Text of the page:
The poem A Visit from St. Nicholas, also known as "The Night Before Christmas" from its first line, was first published anonymously in the Troy, New York Sentinel on December 23, 1823, and was reprinted frequently thereafter with no name attached. Authorship was later attributed to Clement Clarke Moore. The poem was included in an anthology of his works, but his connection with the verses has been questioned by some. Henry Livingston, a New Yorker with Dutch roots, is the chief candidate for authorship if Moore did not write it.
The real Santa Claus was Saint Nicholas, a fourth century Bishop in Turkey. Famous for acts of kindness, especially towards children, he eventually became popular in Holland, where he was known as 'Sinter Klaas'. Around 1870, the Americans turned the name into Santa Claus. In nineteenth century Britain the Elizabethan character Father Christmas - the jolly old man imagined to provide the Christmas feast - merged with Santa. Until 1890, he was sometimes depicted as tall and thin, wearing green or brown as often as red. Santa's present appearance was created by Swedish artist Jenny Nystrom in a series of Christmas cards. Fellow Swede Haddon Sundblom helped universalize the new image when he adopted Nystrom's ideas for Coca-Cola's advertising campaign - Santa matched Coke's red-and-white logo. Sundblom also refined the character, making his body a little fatter and giving him his herd of flying reindeer.
The stockings were hung by the chimney with care,
In hopes that St. Nicholas soon would be there;
The children were nestled all snug in their beds,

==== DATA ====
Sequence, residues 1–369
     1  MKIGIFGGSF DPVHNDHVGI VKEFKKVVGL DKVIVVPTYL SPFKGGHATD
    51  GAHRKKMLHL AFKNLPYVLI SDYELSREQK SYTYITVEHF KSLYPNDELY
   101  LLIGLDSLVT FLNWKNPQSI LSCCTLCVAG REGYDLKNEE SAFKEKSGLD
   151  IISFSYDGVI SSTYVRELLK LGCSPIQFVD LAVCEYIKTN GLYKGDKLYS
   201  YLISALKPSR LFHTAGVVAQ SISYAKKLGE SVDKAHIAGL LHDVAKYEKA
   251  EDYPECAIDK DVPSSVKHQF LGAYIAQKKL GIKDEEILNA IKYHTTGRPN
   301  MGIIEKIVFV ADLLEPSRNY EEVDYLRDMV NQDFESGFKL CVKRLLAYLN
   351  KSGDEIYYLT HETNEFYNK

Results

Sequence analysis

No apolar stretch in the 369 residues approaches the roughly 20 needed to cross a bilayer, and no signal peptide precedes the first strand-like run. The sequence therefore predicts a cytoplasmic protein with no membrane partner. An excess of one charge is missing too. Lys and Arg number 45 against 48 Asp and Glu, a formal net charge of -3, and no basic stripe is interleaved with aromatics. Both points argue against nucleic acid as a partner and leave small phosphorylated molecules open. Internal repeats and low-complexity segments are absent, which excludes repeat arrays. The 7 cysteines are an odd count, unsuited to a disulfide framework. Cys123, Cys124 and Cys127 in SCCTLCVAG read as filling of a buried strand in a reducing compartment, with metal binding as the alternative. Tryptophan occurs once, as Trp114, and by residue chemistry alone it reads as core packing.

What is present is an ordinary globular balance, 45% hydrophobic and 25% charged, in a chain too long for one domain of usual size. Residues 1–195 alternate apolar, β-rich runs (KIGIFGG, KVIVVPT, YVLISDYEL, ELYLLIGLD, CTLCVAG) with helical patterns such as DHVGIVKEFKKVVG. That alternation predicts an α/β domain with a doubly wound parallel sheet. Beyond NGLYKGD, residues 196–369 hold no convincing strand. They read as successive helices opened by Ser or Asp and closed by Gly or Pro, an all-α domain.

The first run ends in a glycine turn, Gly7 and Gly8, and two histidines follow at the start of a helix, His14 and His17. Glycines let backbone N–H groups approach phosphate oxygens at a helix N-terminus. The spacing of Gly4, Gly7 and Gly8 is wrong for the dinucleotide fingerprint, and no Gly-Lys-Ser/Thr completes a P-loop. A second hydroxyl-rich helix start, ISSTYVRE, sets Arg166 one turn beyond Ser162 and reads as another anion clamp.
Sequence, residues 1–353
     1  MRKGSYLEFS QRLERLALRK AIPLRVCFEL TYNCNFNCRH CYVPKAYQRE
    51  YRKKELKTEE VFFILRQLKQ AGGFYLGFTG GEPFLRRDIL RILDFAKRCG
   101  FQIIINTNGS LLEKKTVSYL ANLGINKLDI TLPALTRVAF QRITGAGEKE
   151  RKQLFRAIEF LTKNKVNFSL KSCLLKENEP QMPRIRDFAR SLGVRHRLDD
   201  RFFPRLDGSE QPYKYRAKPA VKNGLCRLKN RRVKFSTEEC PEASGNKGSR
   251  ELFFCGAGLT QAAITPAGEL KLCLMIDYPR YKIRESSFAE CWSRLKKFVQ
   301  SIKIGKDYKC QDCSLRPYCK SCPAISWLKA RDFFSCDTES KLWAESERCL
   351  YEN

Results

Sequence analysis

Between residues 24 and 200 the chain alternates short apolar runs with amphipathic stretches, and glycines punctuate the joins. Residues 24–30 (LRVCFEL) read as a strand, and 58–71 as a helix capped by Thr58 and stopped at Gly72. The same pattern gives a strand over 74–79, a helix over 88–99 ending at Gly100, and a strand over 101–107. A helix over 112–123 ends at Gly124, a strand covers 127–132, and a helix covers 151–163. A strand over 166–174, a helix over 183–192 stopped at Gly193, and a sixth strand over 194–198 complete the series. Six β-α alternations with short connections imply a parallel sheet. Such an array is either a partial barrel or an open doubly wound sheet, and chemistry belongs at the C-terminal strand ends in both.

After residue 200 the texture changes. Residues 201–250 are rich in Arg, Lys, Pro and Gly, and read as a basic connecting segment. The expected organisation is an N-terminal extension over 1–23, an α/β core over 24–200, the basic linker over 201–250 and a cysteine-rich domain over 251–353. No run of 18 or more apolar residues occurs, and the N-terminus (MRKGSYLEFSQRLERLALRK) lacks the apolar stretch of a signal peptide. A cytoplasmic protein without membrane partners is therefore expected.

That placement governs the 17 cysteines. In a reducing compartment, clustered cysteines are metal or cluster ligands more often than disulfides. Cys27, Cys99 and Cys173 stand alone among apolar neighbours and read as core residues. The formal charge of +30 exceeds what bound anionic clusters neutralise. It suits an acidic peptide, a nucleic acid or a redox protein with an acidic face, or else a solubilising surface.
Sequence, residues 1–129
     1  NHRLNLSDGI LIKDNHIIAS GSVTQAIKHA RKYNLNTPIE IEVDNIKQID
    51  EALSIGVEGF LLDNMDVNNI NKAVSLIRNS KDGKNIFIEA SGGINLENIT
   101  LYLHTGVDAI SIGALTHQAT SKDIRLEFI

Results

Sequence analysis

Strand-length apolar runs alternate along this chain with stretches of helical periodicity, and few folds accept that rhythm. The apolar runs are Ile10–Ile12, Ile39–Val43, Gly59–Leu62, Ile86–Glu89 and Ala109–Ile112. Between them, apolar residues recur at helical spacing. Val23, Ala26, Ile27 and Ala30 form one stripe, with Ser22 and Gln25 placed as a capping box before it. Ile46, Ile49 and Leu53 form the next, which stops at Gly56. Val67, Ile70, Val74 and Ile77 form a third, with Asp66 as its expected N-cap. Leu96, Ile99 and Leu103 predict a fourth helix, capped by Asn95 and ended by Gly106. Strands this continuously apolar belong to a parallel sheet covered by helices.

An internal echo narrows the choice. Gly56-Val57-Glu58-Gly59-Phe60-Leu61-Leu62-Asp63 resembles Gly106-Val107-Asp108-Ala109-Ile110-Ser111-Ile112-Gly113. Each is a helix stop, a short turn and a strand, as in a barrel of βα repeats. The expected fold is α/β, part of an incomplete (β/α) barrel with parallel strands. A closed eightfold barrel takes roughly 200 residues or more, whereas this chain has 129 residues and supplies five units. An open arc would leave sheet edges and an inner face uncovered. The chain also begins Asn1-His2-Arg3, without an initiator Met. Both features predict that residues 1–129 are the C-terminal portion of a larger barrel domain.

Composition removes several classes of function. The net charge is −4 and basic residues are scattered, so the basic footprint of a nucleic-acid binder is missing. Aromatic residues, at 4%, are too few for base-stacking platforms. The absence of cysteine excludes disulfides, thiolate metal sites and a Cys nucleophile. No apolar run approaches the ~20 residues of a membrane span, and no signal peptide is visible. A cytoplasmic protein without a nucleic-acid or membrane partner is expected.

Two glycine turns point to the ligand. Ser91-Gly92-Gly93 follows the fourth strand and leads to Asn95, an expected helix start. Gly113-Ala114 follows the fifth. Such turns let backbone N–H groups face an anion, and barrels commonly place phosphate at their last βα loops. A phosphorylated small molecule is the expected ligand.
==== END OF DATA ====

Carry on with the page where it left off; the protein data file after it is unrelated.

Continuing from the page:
While visions of sugar-plums danced in their heads;
And momma in her 'kerchief, and I in my cap,
Had just settled down for a long winter's nap,
When out on the lawn there arose such a clatter,
I sprang from the bed to see what was the matter.
Away to the window I flew like a flash,
Tore open the shutters and threw up the sash.
The moon on the breast of the new-fallen snow
Gave the lustre of mid-day to objects below,
When, what to my wondering eyes should appear,
But a miniature sleigh, and eight tiny reindeer,
With a little old driver, so lively and quick,
I knew in a moment it must be St. Nick.
More rapid than eagles his coursers they came,
And he whistled, and shouted, and called them by name;
"Now, DASHER! now, DANCER!
Now, PRANCER and VIXEN!
On, COMET! on CUPID!
On, DONDER and BLITZEN!
To the top of the porch!
To the top of the wall!
Now dash away! dash away!
Dash away all!"
As dry leaves that before the wild hurricane fly,
When they meet with an obstacle, mount to the sky,
So up to the house-top the coursers they flew,
With the sleigh full of toys, and St. Nicholas too.
And then, in a twinkling, I heard on the roof,
The prancing and pawing of each little hoof.
As I drew in my hand, and was turning around,
Down the chimney St. Nicholas came with a bound.
He was dressed all in fur, from his head to his foot,
And his clothes were all tarnished with ashes and soot;
A bundle of toys he had flung on his back,
And he looked like a peddler just opening his pack.
His eyes, how they twinkled; his dimples how merry!
His cheeks were like roses, his nose like a cherry!
His droll little mouth was drawn up like a bow,
And the beard of his chin was as white as the snow;
The stump of a pipe he held tight in his teeth,
And the smoke it encircled his head like a wreath;
He had a broad face and a little round belly,
That shook, when he laughed like a bowlful of jelly
He was chubby and plump, a right jolly old elf,
And I laughed when I saw him, in spite of myself;
A wink of his eye and a twist of his head,
Soon gave me to know I had nothing to dread;
He spoke not a word, but went straight to his work,
And filled all the stockings; then turned with a jerk,
And laying his finger aside of his nose,
And giving a nod, up the chimney he rose;
He sprang to his sleigh, to his team gave a whistle,
And away they all flew like the down of a thistle.
But I heard him exclaim, ere he drove out of sight,
"HAPPY CHRISTMAS TO ALL, AND TO ALL A GOOD-NIGHT!"
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